June Brown, who appeared in thousands of episodes of British soap opera ‘EastEnders’ for 35 years, portraying Dot Cotton, one of fictional Albert Square’s most memorable residents, died on Sunday at her home in Surrey, near London. She was 95 years old.
His death was announced on the show’s Twitter account. In one of the many tributes shared by this account, Natalie Cassidy, another star of the show, called Ms. Brown “the best character actress ‘EastEnders’ has ever seen or will ever see.”
Mrs Brown was classically trained at the Old Vic drama school and had an active career in acting until she and her second husband, Robert Arnold, whom she married in 1958, began to have their six children.
“Touring was difficult with the children,” she told London’s Daily Telegraph in 1995, “so I did a lot of TV work. And, in 1985, ‘EastEnders’ and Dot arrived.
Dot was the mother of villainous Nick Cotton. Ms. Brown was originally hired for three months.
“Then I was asked if I wanted to be a permanent character,” she told Britain’s Express in 2020, the year her character was finally written off the show. “I had no idea it was going to last like 30 years.”
It turned out that audiences found Dot, a chain-smoldering bunch of prejudice, oddly endearing. The Daily Telegraph, in the 1995 article, called her “Albert Square’s one-woman moral majority hypochondriac”.
Ms Brown enjoyed creating a flawed character – so much so that in 1993, after playing Dot for eight years, she quit the show when she felt the writers were recalling some of Dot’s more objectionable characteristics.
“At first, Dot was a terrible racist,” Ms. Brown explained in the 1995 interview. “But she gradually became more and more politically correct, which was disastrous for the character and the program. It’s not good to have a program that is supposed to reflect society but covers everything and pretends that everything in the garden is beautiful.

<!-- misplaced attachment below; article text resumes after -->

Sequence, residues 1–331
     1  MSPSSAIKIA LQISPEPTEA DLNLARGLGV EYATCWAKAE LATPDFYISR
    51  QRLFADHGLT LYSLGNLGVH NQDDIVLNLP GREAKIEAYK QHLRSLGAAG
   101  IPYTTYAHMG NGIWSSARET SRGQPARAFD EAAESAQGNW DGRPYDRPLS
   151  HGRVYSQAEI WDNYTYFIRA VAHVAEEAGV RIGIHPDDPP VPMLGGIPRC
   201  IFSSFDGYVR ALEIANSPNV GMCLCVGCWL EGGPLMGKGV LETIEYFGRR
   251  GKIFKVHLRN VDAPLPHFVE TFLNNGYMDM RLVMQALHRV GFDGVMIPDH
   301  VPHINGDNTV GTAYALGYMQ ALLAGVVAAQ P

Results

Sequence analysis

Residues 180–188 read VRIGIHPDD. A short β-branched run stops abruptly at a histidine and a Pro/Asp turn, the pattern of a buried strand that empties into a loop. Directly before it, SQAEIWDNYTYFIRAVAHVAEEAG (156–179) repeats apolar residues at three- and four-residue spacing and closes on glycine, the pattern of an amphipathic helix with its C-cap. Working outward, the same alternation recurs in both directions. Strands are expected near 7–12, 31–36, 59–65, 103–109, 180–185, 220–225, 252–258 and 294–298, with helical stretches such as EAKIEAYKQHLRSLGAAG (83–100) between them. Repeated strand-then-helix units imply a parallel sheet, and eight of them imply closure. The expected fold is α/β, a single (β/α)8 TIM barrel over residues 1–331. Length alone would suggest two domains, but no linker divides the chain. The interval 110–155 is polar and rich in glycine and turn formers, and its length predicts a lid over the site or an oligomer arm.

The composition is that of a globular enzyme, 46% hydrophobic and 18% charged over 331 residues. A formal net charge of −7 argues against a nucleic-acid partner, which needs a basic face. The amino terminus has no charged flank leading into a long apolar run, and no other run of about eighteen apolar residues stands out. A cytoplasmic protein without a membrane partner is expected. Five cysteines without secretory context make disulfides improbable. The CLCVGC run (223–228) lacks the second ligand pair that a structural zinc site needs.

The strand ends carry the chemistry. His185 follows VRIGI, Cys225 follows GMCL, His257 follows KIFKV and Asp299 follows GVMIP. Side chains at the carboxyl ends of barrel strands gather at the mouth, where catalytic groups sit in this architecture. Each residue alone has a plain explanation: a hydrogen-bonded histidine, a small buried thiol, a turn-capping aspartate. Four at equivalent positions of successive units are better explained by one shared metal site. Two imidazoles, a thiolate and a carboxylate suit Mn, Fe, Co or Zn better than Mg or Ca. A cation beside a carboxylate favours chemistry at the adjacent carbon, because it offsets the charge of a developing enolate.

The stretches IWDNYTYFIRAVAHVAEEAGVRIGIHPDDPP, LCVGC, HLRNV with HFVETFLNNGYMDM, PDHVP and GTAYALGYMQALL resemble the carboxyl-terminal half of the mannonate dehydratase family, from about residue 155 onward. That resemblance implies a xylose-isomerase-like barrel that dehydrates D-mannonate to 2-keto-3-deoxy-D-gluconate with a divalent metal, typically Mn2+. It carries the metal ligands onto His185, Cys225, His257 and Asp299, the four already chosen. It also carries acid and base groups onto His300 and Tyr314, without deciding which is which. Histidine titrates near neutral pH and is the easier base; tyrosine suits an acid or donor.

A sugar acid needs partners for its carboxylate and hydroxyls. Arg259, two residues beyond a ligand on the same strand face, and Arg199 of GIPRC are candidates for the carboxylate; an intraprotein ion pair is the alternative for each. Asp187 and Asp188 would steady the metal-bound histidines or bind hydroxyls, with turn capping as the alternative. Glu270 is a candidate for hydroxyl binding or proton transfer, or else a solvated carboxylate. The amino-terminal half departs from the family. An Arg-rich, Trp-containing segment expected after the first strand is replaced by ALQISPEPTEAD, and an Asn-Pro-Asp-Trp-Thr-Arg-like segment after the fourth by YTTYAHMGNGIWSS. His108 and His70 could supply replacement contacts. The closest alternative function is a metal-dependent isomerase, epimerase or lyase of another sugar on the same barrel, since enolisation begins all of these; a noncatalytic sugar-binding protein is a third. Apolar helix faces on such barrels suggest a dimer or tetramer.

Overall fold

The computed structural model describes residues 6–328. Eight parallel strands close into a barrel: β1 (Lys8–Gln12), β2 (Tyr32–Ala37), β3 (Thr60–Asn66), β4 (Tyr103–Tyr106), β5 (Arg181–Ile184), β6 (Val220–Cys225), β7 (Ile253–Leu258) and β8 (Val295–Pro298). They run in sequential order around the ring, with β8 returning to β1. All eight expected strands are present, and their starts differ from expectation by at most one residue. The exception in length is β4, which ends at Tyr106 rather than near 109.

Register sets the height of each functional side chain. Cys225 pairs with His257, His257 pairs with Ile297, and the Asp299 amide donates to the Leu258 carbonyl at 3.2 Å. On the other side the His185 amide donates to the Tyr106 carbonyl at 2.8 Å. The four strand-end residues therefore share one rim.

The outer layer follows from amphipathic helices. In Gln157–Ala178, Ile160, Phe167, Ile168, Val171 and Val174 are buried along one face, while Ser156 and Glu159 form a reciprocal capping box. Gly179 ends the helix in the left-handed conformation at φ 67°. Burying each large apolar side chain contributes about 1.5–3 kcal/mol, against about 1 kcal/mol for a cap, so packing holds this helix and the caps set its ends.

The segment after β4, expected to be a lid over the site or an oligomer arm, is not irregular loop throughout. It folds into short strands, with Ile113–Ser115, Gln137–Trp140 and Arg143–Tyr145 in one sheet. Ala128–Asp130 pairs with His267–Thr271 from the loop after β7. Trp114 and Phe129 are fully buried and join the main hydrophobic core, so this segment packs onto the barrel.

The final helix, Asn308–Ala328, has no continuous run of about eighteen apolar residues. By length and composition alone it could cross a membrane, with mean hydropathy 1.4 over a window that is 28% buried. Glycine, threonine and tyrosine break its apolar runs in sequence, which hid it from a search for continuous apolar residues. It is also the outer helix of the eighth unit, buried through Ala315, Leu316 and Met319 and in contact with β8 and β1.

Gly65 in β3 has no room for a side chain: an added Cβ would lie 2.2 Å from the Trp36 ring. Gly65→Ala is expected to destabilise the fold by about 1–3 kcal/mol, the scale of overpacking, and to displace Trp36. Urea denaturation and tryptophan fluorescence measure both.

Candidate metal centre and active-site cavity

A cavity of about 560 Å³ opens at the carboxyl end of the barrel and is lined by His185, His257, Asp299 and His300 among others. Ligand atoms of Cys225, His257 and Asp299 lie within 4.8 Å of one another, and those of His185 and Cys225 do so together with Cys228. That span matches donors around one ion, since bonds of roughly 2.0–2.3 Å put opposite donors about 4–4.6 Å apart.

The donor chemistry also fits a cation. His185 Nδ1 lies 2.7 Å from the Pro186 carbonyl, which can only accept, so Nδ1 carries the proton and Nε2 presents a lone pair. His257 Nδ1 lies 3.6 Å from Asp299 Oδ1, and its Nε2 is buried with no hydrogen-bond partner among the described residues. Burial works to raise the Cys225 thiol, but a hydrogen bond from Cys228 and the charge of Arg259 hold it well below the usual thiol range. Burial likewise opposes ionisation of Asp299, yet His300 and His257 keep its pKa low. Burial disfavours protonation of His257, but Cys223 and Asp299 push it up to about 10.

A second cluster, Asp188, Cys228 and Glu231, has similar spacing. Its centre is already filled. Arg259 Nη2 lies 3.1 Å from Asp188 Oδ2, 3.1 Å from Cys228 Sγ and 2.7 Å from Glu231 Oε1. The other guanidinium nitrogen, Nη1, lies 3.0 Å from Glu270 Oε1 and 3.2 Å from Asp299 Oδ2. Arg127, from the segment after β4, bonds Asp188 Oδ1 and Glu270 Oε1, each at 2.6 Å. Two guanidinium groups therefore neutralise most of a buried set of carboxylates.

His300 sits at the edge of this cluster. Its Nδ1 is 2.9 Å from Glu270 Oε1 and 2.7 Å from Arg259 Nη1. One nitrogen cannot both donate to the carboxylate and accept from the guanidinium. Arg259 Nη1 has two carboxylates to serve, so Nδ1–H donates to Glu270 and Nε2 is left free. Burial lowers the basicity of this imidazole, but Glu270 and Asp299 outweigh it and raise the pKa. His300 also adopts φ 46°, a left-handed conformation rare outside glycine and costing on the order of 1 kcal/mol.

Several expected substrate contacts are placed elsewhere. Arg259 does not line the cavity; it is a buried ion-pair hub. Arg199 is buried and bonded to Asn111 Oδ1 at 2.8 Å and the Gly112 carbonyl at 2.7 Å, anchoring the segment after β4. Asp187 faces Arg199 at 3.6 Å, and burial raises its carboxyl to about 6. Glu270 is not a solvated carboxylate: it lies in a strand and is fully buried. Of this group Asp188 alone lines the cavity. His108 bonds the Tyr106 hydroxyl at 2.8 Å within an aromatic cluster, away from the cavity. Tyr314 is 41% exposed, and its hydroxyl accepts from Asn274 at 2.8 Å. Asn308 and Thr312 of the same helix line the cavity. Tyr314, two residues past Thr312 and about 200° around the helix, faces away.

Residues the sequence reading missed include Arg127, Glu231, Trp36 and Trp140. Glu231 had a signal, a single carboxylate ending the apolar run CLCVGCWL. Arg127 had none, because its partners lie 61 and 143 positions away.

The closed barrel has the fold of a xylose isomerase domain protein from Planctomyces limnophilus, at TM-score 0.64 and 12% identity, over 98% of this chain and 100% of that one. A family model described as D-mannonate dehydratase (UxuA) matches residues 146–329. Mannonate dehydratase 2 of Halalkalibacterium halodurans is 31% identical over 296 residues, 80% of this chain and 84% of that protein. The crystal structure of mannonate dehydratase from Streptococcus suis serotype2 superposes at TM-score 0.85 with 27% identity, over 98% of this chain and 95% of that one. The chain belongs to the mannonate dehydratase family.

She returned in 1997. Over the years, Dot continued to change, becoming less talkative and more like the fictional world matriarch. And Ms. Brown received some meaty stories – a request from a friend for Dot’s help with euthanasia, for example, and Nick’s death from a heroin overdose.
A much-loved episode in 2008 was all about Mrs Brown, as Dot made a 30-minute recording for her comatose husband. The Observer called it “an absolutely brilliant 30 minutes of prime time – beautifully written, economically produced, and performed flawlessly and movingly by June Brown”.
Ms. Brown recently dealt with macular degeneration in real life, something that has been incorporated into the scripts. The character disappeared in 2020 without much fanfare – Dot moved to Ireland. The show’s producers said a return was still possible, but Ms Brown was not interested. “I sent her to Ireland, and that’s where she will stay,” she said of Dot.
“EastEnders” Twitter posts said she appeared in 2,884 episodes.
“There was no one like June Brown,” tweeted Nadine Dorries, Britain’s Culture Secretary. “She has captured the zeitgeist of British culture like no other in her many years on our screens.”
June Muriel Brown was born on February 16, 1927 in Suffolk, England to Henry and Louisa (Butler) Brown. His father owned an electrical engineering business and his mother worked in a millinery shop.
Mrs. Brown’s childhood was marked by loss. A brother died in infancy. She was particularly close to an older sister, Marise, who died of an ear infection on June 7, an event that affected her more deeply than her parents seemed to realize.
“People weren’t interested in psychology back then,” Ms Brown wrote in her autobiography, “Before the Year Dot” (2013). “Maybe it was better because you learned to survive without sympathy.”
Ms Brown grew up in Ipswich. An acting career was not on her mind at all.
“I once played the Virgin Mary at school,” she told the Daily Telegraph, “but only because my teacher thought I would look good in blue.”
During World War II she joined the Women’s Royal Naval Service – the Wrens – where one of her jobs was to show training films to airmen. She also starred in a traveling revue that performed for the troops.
“We took it to the Southern Command area, and I really enjoyed it,” she told The Independent in 2010. “I had some laughs, and that’s when that the bug caught me.”
After the war, she studied at the Old Vic and began acting in plays. By the late 1950s she was touring in roles on “ITV Television Playhouse” and similar television programs. In the early 1970s, she appeared in several episodes of “Coronation Street”, another long-running British soap opera.
She credited Leslie Grantham, an original “EastEnders” cast member, with suggesting her for the role of Dot.
“He had seen me on an episode of ‘Minder’,” another British show, she told the Daily Mirror in 2003. “I will always be grateful to him.”
A few dozen episodes into the series, Dot makes her first appearance. At the 2005 British Soap Awards, Ms Brown received a lifetime achievement honor for her work on the show. “EastEnders” has also been seen at various outlets in the United States for years.
In 1950, Mrs. Brown married fellow actor John Garley, who died in 1957. Her second husband, Mr. Arnold, also an actor, died in 2003. Her survivors include five children, Chloe, Naomi, Sophie, Louise and William. .